They say that money can’t buy happiness. Don’t be so sure. Several studies confirm that the more your income increases, the happier you are. At least until US$75,000 a year…In fact, a new study of more than 40,000 U.S. adults aged 30 and over, spanning five decades, from 1972 to 2016, finds an even deeper relationship between socioeconomic status (money, in particular) and happiness.
This is noticeable:
Among white Americans in the 1970s, adults with and without a college degree were equally likely to say they were “very happy” – around 40%. But by the 2010s, there was an education gap in happiness: Only 29% of those without a degree said they were very happy, compared with 40% of those with a degree. The same was true for income: The difference in happiness by income level grew steadily larger from the 1970s to the 2010s.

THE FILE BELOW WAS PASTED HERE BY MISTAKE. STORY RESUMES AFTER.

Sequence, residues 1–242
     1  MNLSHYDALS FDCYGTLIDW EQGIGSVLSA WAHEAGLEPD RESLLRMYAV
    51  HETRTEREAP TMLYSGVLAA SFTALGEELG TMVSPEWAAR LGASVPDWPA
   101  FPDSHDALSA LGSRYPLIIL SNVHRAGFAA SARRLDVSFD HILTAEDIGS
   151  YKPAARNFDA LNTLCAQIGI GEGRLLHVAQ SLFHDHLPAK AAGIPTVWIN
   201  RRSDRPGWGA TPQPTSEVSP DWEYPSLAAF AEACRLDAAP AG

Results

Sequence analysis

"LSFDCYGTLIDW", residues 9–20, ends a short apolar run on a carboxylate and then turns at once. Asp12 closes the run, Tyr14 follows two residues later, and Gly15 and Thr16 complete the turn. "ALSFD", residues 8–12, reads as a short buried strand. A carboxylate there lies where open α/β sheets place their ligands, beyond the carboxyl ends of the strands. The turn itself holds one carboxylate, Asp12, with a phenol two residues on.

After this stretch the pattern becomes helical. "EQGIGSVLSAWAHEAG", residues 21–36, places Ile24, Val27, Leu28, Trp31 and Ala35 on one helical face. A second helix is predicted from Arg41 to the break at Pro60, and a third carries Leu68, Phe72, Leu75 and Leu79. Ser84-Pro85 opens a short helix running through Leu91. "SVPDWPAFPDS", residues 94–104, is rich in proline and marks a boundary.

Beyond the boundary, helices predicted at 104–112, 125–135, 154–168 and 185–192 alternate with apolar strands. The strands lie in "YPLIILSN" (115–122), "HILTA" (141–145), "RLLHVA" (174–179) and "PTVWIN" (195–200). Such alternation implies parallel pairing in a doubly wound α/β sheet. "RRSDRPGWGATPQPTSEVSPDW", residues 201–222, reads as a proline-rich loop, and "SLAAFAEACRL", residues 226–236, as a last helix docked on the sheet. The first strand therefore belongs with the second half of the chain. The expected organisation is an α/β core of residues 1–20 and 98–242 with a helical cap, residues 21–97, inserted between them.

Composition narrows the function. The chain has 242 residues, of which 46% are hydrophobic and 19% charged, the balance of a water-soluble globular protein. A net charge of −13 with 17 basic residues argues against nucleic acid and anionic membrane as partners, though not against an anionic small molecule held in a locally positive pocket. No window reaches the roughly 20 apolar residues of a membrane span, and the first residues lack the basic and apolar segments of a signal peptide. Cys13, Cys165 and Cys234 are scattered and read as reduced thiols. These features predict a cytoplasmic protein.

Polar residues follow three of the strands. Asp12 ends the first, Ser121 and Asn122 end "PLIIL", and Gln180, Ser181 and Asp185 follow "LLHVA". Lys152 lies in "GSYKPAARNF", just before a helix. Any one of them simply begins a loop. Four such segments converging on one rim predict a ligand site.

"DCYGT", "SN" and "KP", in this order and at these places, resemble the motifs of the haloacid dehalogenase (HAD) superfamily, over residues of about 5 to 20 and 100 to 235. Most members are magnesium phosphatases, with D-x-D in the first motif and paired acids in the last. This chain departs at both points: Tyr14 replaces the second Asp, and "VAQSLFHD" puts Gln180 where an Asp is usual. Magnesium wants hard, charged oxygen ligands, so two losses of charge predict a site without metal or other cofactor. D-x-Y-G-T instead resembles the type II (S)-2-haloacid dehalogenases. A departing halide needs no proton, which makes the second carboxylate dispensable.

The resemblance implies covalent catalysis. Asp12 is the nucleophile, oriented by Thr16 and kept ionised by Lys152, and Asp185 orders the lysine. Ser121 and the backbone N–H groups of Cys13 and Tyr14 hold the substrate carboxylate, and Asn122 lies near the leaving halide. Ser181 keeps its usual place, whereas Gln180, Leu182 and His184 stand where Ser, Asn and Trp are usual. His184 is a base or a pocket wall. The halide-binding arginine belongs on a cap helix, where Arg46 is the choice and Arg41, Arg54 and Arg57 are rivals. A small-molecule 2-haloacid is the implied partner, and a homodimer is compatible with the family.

Between the early 1970s and the mid-2010s, socioeconomic status (SES) indicators such as income, education, and occupational prestige became stronger predictors of happiness among American adults over age 30. The happiness of low-SES White adults declined between 1972 and 2016 while the happiness of high-SES White adults stayed steady or declined less steeply; the happiness of low-SES Black adults generally stayed steady, while the happiness of high-SES Black adults generally increased. The result is a growing class divide in happiness, with the happiness advantage of high-SES individuals growing steadily larger over the decades.
Twenge, J.M., and Cooper, A.B. (2020). The expanding class divide in happiness in the United States, 1972–2016. Emotion.
Yes, it seems money buys even more happiness you would like to believe. Or well, maybe that’s the case only in the U.S. 😉
Featured Image: Jeff Bezos LoL, Getty Images, Via The Blast